M.I.T. engineer Howard Herzog told Biello that most of the cost comes in the capture stage (which can involve pre- or post-combustion processes, or something called oxyfuel combustion). But there is some disagreement about that. For instance, the vice president for R&D at Vattenfall, one of the leading investors in CCS, recently told the International Herald Tribune that, “If the timetable for 2015 is not held, it is probably not due to the capture plant but problems with permission for storage and pipeline transport.” Others think that permission isn’t even the issue, but rather the sheer scale of infrastructure required. Last year, for example, the New York Times’s Andrew Revkin cited calculations by Vaclav Smil at the University of Manitoba, who “estimated that capturing and burying just ten percent of the carbon dioxide emitted over a year from coal-fire plants at current rates would require moving volumes of compressed carbon dioxide greater than the total annual flow of oil worldwide.”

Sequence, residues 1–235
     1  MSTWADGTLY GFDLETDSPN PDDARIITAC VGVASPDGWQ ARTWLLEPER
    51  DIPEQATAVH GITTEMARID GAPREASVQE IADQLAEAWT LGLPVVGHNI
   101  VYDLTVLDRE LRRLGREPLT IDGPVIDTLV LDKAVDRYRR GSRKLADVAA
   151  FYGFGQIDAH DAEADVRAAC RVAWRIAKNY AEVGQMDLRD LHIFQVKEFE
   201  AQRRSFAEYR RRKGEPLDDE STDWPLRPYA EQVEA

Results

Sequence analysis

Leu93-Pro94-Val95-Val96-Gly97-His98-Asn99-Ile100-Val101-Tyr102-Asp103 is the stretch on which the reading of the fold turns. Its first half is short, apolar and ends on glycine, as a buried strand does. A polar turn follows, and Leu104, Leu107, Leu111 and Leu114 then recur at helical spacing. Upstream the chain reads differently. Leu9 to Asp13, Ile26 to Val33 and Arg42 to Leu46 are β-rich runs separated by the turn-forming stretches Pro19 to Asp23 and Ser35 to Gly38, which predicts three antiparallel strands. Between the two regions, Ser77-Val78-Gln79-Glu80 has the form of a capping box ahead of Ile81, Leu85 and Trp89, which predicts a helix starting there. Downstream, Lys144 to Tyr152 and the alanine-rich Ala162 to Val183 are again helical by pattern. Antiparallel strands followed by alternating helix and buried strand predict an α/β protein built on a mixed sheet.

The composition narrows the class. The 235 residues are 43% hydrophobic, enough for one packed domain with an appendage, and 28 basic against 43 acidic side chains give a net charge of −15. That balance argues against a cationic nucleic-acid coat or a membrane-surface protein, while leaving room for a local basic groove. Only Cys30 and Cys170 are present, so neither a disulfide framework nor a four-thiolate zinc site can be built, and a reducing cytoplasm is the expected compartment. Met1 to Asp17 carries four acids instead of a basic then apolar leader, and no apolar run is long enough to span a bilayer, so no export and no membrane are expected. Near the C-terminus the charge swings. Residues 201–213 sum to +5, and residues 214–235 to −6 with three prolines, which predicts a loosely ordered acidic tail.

Of course, none of these concerns have stopped governments and companies around the world from moving forward with CCS. In the last month, the press has covered a controversial CCS bill in Montana, which died in the state legislature because of confusion about the ownership of underground storage space; agriculture giant Archer Daniel Midland’s quest to bury carbon dioxide in Illinois; a New York startup’s novel proposal to store the gas underneath the ocean floor; and new CCS projects underway in France and China.
Clearly, then, journalists are a step behind if their goal is to help the public decide whether or not it supports CCS. The recent wave of coverage is better late than never, though. On Monday, Greenwire (via the New York Times) and The Center for Public Integrity published excellent reports about the monumental advertising and lobbying “blitz” surrounding the future of coal. With EPA’s endangerment finding last Friday and Congress debating a cap-and-trade emissions reduction scheme this week, the stakes are high and CCS is not a topic that is going away.